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First, what is horizontal and vertical scaling?

Scaling is the action taken to increase the capacity of a software environment to address performance problems. (If you're dealing with web services, you might want to know about scaling since there are many performance concerns with that technology set.) Suppose your order entry system is running slowly Footnote 1: The authors once worked on a consulting engagement where the system had chronic performance problems. The internal IT community was actually trying to resolve the performance problems by applying a great deal of effort toward enhancing the application with a cartoon image of a running panther that would appear while end users were waiting. We suggested instead that a dialogue be presented to the end user with a dynamically updated query against that same software company’s currently plummeting stock price. Unfortunately the company mysteriously collapsed before either technique could be implemented. . To vertically scale that system, you would go out and buy more CPUs and put them in the order entry server to make it go faster. To horizontally scale, you go out and buy more machines and add them to the network of machines that run the order entry system. The trick is that you can’t always vertically scale, and you can’t always horizontally scale. A blend of each is usually appropriate.

So what's "fragmentation" and what does that have to do with my project going horrifically wrong?

Fragmentation is an important concept to understand when horizontally scaling. Fragmentation occurs because companies have a strong tendency to horizontally scale by adding specialty servers rather than by adding all purpose servers. That is, not all machines in the environment service the same requests. For example, in web based environments, one group of machines might service requests for one URL (like http://www.PracticingSafeTechs.com/orderEntry) while another group of machines service requests for a different URL (like http://www.PracticingSafeTechs.com/inventoryManagement). The peak loads for different parts of the enterprise often occur at different times during the day. Consequently, in the morning, one group of machines may be overloaded with work while other machines stand by relatively idle. In the evening, the reverse condition may exist. With specialty servers, the usable capacity of the system is said to be “fragmented”.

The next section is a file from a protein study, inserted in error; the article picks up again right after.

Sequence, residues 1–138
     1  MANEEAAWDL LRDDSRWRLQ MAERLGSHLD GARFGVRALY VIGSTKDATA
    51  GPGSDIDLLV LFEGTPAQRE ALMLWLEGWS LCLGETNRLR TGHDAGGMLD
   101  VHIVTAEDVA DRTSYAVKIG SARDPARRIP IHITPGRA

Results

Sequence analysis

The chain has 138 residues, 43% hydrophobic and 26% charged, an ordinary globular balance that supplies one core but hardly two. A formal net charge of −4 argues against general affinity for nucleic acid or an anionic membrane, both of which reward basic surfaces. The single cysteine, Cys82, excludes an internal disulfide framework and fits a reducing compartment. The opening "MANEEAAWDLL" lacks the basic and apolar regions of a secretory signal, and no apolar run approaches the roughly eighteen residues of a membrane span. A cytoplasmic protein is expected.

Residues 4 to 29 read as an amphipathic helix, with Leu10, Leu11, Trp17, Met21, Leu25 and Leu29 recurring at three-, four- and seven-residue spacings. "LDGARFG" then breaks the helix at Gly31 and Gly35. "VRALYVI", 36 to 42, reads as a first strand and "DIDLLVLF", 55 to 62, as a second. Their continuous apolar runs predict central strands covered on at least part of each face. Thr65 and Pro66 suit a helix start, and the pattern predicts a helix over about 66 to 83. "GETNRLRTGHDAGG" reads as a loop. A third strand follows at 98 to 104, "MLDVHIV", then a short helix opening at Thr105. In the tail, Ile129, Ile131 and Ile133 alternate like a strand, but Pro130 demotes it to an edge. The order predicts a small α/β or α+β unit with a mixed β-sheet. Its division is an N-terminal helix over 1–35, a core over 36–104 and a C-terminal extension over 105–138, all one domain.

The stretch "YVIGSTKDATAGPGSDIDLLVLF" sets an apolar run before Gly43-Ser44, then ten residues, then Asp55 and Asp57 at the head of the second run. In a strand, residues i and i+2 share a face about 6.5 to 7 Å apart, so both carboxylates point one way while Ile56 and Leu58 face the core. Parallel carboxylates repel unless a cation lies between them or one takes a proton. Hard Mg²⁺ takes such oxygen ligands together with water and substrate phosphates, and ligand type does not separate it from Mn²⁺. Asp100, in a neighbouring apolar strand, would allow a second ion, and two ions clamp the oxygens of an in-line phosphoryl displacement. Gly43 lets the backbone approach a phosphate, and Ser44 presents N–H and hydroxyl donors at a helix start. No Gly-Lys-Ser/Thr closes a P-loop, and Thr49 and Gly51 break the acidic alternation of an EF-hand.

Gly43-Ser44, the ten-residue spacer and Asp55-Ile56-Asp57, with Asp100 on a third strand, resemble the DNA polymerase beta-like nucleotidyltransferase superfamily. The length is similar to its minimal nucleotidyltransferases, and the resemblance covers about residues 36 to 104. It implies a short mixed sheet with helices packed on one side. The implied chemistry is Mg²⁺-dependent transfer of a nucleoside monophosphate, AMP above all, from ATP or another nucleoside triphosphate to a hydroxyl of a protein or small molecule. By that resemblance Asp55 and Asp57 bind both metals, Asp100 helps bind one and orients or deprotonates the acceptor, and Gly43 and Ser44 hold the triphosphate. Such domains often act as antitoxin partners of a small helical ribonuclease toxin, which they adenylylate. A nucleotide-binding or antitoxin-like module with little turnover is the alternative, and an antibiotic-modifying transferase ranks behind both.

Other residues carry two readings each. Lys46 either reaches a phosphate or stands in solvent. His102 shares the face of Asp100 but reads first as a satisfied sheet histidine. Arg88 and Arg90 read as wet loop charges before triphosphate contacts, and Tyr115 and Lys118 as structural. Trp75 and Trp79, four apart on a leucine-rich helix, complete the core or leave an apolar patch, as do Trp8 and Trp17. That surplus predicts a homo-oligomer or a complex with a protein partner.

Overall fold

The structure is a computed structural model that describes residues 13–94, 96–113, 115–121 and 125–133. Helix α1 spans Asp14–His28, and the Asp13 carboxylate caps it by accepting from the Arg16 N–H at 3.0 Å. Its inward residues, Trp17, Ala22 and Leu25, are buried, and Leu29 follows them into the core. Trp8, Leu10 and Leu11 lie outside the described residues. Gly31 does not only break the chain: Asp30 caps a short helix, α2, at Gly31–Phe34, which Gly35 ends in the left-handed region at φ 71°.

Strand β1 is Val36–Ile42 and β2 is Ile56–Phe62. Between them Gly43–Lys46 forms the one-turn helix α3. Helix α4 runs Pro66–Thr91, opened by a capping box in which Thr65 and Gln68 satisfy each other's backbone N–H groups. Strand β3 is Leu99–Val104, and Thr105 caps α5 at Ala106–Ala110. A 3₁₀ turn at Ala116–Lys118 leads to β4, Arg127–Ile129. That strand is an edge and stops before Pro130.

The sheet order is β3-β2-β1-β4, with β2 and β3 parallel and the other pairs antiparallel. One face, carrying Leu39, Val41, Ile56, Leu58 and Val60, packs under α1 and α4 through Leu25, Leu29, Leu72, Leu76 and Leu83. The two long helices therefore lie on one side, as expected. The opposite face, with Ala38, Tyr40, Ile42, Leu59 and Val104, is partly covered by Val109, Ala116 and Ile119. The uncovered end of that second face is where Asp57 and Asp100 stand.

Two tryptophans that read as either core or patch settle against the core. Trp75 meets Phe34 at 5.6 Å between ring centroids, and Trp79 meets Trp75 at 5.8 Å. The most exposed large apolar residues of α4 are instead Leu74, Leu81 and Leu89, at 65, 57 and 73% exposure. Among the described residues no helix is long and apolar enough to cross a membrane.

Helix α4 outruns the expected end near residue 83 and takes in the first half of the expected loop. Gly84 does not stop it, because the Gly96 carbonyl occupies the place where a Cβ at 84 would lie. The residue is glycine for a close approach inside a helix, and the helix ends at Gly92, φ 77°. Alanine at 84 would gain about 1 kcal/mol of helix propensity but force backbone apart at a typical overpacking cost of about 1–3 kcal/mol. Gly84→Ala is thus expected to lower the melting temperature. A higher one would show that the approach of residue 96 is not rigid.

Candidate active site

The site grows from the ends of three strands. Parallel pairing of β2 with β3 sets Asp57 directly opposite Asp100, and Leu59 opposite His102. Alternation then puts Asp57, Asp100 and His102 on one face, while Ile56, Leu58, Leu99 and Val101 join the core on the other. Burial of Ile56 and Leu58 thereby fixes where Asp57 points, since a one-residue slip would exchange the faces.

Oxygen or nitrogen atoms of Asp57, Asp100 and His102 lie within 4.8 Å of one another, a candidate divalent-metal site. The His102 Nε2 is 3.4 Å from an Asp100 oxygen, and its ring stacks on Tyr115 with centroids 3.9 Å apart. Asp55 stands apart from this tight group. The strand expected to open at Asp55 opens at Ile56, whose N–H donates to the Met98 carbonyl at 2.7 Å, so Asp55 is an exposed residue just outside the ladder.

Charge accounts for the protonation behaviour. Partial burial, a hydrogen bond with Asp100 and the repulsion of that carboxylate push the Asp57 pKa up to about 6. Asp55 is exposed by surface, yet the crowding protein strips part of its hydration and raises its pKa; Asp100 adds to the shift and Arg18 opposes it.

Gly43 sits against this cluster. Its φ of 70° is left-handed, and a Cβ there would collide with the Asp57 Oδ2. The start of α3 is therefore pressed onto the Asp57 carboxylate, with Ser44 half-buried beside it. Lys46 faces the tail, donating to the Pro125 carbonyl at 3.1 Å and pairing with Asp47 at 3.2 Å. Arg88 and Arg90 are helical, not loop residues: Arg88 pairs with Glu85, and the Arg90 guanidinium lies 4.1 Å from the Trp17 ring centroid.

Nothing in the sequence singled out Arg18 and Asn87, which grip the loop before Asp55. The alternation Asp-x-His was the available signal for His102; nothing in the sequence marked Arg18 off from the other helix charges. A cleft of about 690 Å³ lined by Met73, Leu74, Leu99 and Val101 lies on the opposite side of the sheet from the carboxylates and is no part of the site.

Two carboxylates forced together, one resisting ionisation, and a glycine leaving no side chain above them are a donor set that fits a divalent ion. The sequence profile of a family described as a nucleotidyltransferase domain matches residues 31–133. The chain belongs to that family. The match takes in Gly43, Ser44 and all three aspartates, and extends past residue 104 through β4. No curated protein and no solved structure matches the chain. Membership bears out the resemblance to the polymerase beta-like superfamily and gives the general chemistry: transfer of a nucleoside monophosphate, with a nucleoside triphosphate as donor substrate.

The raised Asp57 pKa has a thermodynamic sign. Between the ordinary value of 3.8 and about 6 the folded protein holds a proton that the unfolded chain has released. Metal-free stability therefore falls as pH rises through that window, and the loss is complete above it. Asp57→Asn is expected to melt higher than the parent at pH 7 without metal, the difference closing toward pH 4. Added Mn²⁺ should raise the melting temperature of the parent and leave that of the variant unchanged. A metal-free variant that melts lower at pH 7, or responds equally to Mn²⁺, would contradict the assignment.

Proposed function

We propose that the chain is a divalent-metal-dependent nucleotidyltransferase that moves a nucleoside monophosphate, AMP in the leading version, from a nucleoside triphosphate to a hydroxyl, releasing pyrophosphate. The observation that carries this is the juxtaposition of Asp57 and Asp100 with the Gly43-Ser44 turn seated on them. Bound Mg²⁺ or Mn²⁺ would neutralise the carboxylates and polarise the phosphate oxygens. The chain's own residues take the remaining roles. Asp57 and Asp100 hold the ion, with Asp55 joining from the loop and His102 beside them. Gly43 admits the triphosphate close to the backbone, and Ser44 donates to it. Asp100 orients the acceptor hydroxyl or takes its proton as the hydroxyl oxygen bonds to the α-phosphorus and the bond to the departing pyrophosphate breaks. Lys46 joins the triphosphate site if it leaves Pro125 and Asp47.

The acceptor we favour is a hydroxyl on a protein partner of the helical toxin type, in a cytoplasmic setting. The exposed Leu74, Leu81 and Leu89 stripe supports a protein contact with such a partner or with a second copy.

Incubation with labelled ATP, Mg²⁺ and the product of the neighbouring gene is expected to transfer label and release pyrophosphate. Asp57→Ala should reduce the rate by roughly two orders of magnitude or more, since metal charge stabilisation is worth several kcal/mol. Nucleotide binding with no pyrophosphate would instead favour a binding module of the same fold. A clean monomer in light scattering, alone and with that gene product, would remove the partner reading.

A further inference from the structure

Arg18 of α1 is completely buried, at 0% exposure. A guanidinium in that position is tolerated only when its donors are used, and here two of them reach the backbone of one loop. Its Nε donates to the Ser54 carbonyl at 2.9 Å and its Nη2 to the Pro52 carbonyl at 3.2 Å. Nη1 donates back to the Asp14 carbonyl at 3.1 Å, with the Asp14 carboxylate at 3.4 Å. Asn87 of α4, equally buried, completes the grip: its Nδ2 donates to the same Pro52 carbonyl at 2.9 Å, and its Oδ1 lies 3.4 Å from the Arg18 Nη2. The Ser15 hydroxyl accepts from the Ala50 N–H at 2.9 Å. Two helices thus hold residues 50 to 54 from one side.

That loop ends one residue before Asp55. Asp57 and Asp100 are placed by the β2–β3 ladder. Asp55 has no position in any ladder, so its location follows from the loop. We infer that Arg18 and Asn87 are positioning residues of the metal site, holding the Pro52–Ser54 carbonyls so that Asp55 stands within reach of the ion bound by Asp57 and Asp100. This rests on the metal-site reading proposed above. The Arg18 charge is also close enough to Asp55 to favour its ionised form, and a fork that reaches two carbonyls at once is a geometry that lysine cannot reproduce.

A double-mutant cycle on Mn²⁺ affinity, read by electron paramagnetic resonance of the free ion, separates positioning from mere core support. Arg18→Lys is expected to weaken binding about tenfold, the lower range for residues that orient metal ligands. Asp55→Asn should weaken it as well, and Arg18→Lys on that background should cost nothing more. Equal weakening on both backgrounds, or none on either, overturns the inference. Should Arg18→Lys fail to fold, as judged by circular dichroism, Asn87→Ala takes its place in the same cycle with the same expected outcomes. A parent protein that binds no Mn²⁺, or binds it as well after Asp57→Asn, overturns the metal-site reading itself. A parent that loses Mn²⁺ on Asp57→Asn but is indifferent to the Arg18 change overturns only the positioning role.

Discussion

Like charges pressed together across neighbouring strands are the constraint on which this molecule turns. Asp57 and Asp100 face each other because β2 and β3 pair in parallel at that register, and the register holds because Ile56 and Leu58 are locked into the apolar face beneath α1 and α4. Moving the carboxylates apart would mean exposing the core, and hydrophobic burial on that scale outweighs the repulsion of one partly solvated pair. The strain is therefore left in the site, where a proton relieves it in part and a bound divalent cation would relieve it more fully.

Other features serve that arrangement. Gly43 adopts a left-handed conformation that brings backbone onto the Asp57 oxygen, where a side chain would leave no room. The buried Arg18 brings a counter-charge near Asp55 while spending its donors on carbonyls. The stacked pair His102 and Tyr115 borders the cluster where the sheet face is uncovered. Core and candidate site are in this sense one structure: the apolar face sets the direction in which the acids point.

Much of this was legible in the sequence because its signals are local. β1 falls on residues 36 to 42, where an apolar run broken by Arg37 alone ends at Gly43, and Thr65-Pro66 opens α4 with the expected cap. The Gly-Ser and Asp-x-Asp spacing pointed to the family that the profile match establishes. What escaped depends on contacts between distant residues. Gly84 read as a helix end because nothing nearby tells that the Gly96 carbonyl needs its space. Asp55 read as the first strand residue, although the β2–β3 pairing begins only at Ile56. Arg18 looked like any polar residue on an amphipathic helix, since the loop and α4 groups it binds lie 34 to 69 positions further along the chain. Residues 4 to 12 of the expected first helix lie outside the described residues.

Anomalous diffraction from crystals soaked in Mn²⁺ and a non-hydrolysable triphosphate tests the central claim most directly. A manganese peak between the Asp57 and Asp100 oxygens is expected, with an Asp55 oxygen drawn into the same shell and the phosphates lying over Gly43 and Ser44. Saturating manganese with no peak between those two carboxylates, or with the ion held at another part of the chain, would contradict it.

Vertical scaling is less expensive than horizontal scaling, but as additional CPUs are added, the law of diminishing returns kicks in. Each CPU must share the system resources (bus, cache, disk, etc.) with the other CPUs. Obviously there’s a much greater proportional improvement upgrading from 1 CPU to 2 than there is from 98 CPUs to 99.


So how do you know when you should be adding more machines instead of adding more CPUs? 

OK – this excerpt is pretty short, mostly because it isn’t too hard to understand what scaling is.  However, understanding when to horizontally scale and when to vertically scale requires a lot more explanation.  The analysis portion of the scaling chapter is about 6 times as big as the initial overview (offered on this web page).  It's critical to know when you should be adding more machines instead of adding more CPUs.  You'll also need to know how those guidelines change between different operating systems and hardware and what kinds of applications lend themselves better to one kind of scaling than the other.  We cover those topics too. You can really save your organization a lot of money and save yourself a lot of headaches if you make the right choices.  The price of our book is roughly comparable to the price of a few bottles of aspirin, but aspirin won't solve your scaling problems. Our book is an easy read and it's a business expense. Click the “Buy Now” button below before that migraine sets in!